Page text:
For those just joining us, I’ve been re-reading Old-School Essentials (OSE) with a view to figuring out how to run classic Dungeons & Dragons games with the methodological changes needed to achieve deeper Otherworld-immersion. If you’ve not been following along, it’s worth reading the earlier posts.
Last time, I said we needed to talk about the biggest vulnerability using Classic D&D-style games presents to our Otherworld-immersive style and I named that as being Hit Points. In fairness, that’s probably a bit of an over-simplification.
Don’t Fear The Reaper
While many old-school gamers laud the squishy and easy-to-kill nature of classic D&D characters, this has always been a bit of a problem for me. When you are trying to encourage your players to invest in their characters, to imagine the World of the game from their character’s perspective, and to role-play from a position of Otherworld-immersion then dying in the first encounter undermines that premise.
At first blush, the problem lies with Hit Points. In OSE and starting at Level 1, it’s possible to have just 1 HP and be extremely likely to die with just one attack from a monster. In fact, even a lowly Rat Pack can deal 1d6 damage and that’s enough to kill the average first level PC with room to spare. When I started re-reading the rules, this was an area of concern.
Like I said earlier, however, I think blaming it on Hit Points is a little simplistic.
If we are going to encourage Otherworld-immersion then we definitely want character death to be firmly on the table. Without the ultimate risk there is really no sense of danger and we will not see players make naturalistic choices. Step one in handling this is probably to point out to the players the vulnerability of new characters in the game world. There is a reason most villagers stay in the village and being open about it sets up a useful expectation.
The first point to consider is the easy application of the Optional Rule in OSE that allows from re-rolls for 1s and 2s on the Hit Points roll. As the GM is making the die rolls, the players won’t know the numbers but it’s good form to give them at least a minimal chance of survival.
On top of this, however, I think it’s important to think about the kinds of challenges you give to the player characters. Old-School Essentials specifies that the “standard” rate of advancement would be to reach 2nd Level after three or four sessions. For this, I am thinking about the balance of party size, the monsters they might face, and a greater focus on dungeon exploration over fighting.
OSE suggests a party size of 6-8 characters but I don’t enjoy running games for more than four. I am considering adding in some NPC Retainers to pad out the party, perhaps fellow adolescents from the village who form a cadre of youths seeking adventure. It’s not too much of a stretch to imagine that some locals might be up for joining the group on the promise of treasure alone. Half or even full shares of the loot would help to recruit such help.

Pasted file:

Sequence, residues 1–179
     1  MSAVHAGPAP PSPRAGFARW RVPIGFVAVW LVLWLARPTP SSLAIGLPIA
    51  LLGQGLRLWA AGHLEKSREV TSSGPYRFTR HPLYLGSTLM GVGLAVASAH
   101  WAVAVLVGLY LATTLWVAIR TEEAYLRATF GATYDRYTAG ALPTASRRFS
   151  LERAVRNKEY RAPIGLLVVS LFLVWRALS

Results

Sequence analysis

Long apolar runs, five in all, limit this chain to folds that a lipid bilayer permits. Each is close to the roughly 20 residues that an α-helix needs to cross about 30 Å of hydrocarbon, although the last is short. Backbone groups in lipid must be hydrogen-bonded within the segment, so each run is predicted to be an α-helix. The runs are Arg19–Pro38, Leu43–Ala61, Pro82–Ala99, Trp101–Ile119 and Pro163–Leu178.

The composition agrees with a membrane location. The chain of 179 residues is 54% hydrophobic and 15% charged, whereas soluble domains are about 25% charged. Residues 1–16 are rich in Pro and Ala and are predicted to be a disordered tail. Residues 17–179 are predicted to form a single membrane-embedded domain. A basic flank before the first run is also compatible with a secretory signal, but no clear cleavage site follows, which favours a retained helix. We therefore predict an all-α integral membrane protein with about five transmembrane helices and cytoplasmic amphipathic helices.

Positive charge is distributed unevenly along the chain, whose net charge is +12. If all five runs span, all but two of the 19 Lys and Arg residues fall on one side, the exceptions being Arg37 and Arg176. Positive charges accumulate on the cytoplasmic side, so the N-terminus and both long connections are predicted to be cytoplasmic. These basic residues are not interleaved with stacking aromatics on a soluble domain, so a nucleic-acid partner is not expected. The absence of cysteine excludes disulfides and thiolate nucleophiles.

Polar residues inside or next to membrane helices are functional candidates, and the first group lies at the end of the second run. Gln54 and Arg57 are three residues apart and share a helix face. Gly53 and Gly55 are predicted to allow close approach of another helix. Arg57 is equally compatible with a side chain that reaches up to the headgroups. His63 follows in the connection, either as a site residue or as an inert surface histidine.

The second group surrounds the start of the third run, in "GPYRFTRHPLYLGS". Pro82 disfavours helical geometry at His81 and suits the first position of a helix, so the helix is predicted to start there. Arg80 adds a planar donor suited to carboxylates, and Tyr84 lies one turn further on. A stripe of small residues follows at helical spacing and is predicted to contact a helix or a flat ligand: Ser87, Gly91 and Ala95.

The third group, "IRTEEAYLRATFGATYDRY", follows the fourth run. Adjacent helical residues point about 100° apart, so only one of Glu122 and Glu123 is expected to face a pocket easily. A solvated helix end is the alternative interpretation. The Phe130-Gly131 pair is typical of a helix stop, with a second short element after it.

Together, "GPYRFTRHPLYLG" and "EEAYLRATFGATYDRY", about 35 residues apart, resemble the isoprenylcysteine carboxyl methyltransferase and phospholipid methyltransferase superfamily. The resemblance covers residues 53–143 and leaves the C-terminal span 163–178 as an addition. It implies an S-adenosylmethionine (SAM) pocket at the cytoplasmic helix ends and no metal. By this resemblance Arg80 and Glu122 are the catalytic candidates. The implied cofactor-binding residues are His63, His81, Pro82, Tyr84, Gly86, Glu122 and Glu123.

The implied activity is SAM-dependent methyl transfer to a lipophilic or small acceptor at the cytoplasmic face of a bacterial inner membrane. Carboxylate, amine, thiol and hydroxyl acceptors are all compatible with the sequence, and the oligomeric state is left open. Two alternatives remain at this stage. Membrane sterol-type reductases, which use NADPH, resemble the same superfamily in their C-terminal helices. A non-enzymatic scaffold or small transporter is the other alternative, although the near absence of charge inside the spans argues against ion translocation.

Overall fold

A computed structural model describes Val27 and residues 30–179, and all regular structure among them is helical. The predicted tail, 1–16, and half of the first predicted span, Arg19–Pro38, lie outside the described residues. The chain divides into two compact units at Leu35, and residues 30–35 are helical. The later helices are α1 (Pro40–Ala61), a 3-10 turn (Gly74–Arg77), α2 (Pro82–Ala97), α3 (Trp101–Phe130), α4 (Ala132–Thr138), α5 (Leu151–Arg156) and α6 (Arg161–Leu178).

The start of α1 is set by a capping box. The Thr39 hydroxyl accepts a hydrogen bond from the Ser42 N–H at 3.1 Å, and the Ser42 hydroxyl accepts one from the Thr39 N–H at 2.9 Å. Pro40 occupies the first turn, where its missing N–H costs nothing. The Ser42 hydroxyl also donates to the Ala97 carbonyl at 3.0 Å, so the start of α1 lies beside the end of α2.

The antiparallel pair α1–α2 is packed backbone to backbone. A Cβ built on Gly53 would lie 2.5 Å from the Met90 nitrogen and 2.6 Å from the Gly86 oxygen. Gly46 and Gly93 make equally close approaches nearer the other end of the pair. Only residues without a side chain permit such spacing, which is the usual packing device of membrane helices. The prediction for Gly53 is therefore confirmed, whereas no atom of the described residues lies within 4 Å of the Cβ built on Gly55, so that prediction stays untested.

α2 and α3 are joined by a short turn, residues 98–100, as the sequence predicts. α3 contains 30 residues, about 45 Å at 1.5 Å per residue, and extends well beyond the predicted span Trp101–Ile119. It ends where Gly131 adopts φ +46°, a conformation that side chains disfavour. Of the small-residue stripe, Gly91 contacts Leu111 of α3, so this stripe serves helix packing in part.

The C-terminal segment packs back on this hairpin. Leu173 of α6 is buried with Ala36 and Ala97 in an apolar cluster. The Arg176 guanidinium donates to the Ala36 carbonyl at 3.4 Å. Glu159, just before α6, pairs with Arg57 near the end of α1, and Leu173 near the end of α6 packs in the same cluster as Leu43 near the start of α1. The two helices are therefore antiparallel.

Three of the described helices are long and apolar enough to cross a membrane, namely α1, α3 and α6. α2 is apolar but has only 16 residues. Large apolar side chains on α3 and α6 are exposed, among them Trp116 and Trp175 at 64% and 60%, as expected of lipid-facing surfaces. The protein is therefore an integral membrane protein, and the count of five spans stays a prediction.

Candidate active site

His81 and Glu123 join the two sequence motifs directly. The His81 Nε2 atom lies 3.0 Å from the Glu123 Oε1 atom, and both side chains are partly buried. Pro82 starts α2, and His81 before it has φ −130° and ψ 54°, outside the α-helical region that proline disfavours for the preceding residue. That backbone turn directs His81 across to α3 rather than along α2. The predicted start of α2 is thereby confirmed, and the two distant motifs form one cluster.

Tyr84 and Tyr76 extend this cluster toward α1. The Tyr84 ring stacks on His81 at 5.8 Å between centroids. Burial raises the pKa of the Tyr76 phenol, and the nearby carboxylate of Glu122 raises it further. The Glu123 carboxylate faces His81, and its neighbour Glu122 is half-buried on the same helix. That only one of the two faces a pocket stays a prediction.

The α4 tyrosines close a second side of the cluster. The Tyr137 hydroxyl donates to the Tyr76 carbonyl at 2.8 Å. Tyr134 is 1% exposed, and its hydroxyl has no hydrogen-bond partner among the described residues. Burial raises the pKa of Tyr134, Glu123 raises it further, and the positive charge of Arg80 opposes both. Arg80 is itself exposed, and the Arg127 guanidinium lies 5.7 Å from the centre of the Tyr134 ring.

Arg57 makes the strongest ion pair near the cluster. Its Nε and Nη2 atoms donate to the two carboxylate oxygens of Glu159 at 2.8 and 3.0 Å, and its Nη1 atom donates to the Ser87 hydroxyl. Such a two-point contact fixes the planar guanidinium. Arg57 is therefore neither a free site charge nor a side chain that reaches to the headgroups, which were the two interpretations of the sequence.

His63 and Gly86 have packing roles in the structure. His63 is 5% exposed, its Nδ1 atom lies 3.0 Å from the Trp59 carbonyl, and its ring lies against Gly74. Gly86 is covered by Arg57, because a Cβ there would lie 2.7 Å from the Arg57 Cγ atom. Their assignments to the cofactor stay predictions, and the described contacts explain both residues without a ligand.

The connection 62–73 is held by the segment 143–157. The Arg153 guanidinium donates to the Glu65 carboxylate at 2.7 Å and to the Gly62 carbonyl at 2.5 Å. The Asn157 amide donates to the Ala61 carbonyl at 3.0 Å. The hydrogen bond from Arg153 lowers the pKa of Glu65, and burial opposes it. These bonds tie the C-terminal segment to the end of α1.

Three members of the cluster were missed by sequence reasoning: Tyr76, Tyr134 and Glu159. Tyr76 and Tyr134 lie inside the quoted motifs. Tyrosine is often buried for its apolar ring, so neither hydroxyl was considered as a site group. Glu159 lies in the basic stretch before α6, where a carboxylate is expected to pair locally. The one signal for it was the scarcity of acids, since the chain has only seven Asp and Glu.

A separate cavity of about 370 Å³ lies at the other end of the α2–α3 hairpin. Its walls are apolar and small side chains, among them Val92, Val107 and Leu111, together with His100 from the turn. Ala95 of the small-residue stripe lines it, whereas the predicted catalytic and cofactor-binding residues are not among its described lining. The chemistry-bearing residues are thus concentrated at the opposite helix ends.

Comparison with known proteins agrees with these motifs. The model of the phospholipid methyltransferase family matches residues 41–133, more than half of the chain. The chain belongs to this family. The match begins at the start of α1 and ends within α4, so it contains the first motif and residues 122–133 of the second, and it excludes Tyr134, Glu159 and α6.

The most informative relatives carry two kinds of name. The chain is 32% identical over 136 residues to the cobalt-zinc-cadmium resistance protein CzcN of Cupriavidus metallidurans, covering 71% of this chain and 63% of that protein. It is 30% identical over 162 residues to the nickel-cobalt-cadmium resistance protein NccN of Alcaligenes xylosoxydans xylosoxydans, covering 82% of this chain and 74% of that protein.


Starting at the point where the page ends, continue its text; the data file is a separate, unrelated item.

Thoughtful choices for monsters would also help to make the game a little more survivable. I am fond of creating monster factions within the dungeons which allow cunning players the opportunity to negotiate alliances and work to defeat tougher opposition. Pitching the (say) local Goblin tribe against their rival Kobold competition is a classic D&D trope.
In terms of monsters, I also think that using the optional Morale rules would deepen the play experience and help the player characters to survive. This is because groups of monsters who flee when they take casualties gives the poor outnumbered “good guys” another tactical lever to pull. Judicious use of the Monster Reaction Table also gives a chance for some friendlier encounters, which reinforces the factional play element.
Finally, given that we are seeking deeper Otherworld-immersion, it’s going to be vital to make the environment of the dungeon as interesting as possible to explore. This means designing the dungeon with some intent and thought. On this, I enjoy a couple of tips from The Alexandrian.
Including at least three interactive elements in each dungeon room is a good idea because it encourages the different player characters to split up and poke at different things. It also makes fights scenes richer because there aren’t just the monsters hanging around, you’ve got other elements to riff off too – such as tables to jump on, chandeliers to swing on, bookshelves to push over, and so on.
The combination of Smart Prep and the injunction to Prep Situations (Not Plots) feeds into this discussion by suggesting that NPCs should have goals and that it’s better to organise one’s monsters as functioning within the context of the dungeon – patrolling, reinforcing each other, and generally reacting naturally – rather than as isolated encounters awaiting the door to the room to open.
All of which is to say that, yes, I can see the potential for early character death in my classic OSE game and that this may well undermine the Otherworld-immersion I am seeking. That said, I believe there are ways to intelligently mitigate this challenge and keep the dungeons deadly but also encourage players to invest in their characters long-term.
Next Post: OSE Behind The Screen, Part 4